Senate Subcommittee Hearings on Apple’s Taxes – Grandstanding Dbags

So let’s talk about today’s Subcommittee hearing on Apple’s use and abuse of the U.S. tax code.   Let me say a few things up front: I’m no sort of Apple fanboy.  I don’t own the stock. I don’t own an Iphone. I don’t own an Ipad.   On the other side of the coin, I’m even less of a fan of populist grandstanding politicians.  Now, let’s continue.

You can read the Subcommittee letter on the hearings here.   If you look at it, there’s nothing insane there.  The facts as I understand them are these:

– the U.S. has a complicated corporate tax code

– Apple ($AAPL, no positions) takes advantage, legally, of the nuances of the U.S. corporate tax code

– AAPL is not breaking any laws

– Congress makes the tax code

– Congress (or at least some members of Congress) would like to close “loopholes” like the ones Apple is using to minimize their U.S. tax bill.

So far so good.     Here’s the important part, though:  you, dear reader, may not like how Apple manages their tax liability.   I may not like how Apple manages their tax liability.   You and I may be outraged – you and I have that right.   Ya know who doesn’t have that right?   Hint: it’s the guys who make the tax code – CONGRESS.

The hypocrisy of these goofballs making laws and then dragging Apple CEO Tim Cook before a committee to chastise him for playing by the rules that they made – while making it clear that they are not alleging any illegality on Apple’s part – is beyond absurd.    Hey Carl Levin – you don’t like the tax code? CHANGE IT!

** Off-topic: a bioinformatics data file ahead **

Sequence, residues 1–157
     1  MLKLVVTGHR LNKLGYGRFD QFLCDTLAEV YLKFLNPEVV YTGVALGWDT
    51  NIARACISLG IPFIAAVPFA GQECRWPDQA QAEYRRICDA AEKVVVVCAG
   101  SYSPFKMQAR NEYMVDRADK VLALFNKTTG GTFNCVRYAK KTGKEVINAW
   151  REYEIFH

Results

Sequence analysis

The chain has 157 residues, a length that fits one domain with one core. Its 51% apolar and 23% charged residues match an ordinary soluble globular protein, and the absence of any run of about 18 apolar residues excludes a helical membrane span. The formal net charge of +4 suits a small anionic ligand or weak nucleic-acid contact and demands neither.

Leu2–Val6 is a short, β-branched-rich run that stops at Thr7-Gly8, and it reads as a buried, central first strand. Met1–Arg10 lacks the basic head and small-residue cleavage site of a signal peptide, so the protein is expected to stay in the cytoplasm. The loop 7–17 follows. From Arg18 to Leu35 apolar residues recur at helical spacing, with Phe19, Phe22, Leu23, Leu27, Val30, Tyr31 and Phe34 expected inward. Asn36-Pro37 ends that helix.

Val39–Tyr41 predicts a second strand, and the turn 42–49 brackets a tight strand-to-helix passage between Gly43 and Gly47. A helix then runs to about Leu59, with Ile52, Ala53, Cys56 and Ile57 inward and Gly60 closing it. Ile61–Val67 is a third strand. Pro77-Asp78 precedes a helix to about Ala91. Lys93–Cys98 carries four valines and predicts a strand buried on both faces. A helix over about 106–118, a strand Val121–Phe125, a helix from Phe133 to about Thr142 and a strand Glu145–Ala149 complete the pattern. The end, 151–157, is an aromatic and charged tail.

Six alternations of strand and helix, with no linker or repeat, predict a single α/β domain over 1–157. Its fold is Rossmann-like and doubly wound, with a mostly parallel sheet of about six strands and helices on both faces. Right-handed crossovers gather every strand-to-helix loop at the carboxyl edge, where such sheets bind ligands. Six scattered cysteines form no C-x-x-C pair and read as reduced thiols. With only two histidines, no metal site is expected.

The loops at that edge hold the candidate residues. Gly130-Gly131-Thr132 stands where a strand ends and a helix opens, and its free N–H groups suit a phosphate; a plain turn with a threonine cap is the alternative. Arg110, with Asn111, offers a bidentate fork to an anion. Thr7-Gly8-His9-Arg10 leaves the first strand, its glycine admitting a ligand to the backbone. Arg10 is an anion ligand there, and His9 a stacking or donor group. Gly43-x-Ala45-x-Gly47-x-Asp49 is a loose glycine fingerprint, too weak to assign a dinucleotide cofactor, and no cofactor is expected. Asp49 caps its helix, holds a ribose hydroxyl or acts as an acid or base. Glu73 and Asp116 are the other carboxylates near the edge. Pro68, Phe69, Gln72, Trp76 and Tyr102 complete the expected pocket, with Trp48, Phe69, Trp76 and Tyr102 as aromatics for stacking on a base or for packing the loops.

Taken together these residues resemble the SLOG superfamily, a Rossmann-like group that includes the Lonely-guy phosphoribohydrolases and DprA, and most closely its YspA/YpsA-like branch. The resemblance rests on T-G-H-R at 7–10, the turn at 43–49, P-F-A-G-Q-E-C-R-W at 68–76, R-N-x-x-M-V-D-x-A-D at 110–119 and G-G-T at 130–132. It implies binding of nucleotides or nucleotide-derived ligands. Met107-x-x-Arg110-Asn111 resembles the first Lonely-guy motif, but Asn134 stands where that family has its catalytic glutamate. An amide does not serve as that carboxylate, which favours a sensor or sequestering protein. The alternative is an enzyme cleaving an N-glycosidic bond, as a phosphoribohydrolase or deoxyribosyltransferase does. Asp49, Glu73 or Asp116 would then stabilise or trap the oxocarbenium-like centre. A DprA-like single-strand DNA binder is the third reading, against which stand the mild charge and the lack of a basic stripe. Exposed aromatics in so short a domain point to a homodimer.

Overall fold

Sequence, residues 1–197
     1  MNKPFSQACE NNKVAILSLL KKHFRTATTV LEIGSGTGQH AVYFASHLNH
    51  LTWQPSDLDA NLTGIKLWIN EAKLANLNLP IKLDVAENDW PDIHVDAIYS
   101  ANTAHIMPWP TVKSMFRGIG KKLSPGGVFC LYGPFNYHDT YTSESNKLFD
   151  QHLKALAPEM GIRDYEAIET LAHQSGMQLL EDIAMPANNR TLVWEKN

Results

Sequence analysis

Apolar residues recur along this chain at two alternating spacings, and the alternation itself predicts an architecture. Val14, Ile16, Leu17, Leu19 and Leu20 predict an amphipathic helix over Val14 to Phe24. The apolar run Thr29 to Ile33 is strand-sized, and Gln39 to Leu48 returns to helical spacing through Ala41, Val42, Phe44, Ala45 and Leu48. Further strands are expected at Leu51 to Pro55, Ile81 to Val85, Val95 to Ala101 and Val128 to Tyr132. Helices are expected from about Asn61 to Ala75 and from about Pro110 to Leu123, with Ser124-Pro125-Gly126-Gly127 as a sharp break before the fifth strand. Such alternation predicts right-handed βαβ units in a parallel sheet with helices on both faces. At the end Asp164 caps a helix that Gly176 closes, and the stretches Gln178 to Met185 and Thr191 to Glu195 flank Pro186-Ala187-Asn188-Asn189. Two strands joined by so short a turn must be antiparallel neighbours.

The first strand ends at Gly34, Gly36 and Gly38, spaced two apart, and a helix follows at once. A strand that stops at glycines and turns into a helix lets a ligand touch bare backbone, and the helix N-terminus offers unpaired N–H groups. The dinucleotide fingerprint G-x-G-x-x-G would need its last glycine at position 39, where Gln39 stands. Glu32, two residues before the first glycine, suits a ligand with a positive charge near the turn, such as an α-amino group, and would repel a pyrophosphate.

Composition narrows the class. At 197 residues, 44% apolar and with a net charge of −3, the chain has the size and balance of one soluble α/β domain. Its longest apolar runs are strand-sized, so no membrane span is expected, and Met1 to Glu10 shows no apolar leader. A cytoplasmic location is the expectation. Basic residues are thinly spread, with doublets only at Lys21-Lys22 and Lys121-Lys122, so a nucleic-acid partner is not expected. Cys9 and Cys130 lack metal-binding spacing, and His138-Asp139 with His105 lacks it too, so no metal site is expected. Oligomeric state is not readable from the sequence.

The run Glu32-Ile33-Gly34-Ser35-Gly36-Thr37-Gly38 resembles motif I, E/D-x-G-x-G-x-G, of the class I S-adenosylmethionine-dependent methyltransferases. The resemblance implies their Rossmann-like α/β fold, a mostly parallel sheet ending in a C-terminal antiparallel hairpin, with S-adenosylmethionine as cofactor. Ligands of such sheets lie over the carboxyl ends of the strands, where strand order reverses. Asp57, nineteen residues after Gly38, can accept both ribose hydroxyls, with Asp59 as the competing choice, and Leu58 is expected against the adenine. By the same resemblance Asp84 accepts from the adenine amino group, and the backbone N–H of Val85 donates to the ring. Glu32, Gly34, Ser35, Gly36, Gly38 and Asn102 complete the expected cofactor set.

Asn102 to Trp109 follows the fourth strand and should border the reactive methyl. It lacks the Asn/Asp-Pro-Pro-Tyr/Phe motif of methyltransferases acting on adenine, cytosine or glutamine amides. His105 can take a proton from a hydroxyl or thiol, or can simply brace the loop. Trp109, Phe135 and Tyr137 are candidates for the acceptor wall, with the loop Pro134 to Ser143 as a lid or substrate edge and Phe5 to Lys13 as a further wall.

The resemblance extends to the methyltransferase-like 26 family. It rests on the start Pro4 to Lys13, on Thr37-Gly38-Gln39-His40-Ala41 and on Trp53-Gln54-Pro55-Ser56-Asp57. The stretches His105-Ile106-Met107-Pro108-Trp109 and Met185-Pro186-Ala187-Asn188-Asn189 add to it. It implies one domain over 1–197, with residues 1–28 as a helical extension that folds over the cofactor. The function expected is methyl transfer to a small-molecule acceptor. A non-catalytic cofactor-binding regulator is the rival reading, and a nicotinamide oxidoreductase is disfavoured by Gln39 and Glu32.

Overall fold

Of course, that’s what the committee is wants to do – they even say as much in their brief:

“Recommendations. Based upon the Subcommittee’s investigation, the Memorandum makes the following recommendations.
1. Strengthen Section 482. Strengthen Section 482 of the tax code governing transfer pricing to eliminate incentives for U.S. multinational corporations to transfer intellectual property to shell entities that perform minimal operations in tax haven or low tax jurisdictions by implementing more restrictive transfer pricing rules concerning intellectual property.
2. Reform Check-the-Box and Look Through Rules. Reform the “check-the-box” and “look-through” rules so that they do not undermine the intent of Subpart F of the Internal Revenue Code to currently tax certain offshore income.
3. Tax CFCs Under U.S. Management and Control. Use the current authority of the IRS to disregard sham entities and impose current U.S. tax on income earned by any controlled foreign corporation that is managed and controlled in the United States.
4. Properly Enforce Same Country Exception. Use the current authority of the IRS to restrict the “same country exception” so that the exception to Subpart F cannot be used to shield from taxation passive income shifted between two related entities which are incorporated in the same country, but claim to be in different tax residences without a legitimate business reason.
5. Properly Enforce the Manufacturing Exception. Use the current authority of the IRS to restrict the “manufacturing exception” so that the exception to Subpart F cannot be used to shield offshore income from taxation unless substantial manufacturing activities are taking place in the jurisdiction where the intermediary CFC is located.”

Great – you don’t like the rules you made – change them!  Nothing wrong with that.   But don’t act like incredulous grandstanding douchebags in the live hearing, when Apple is playing by the rules YOU made.

It’s not every day that I agree with Senator Rand Paul, but I think he’s on point here: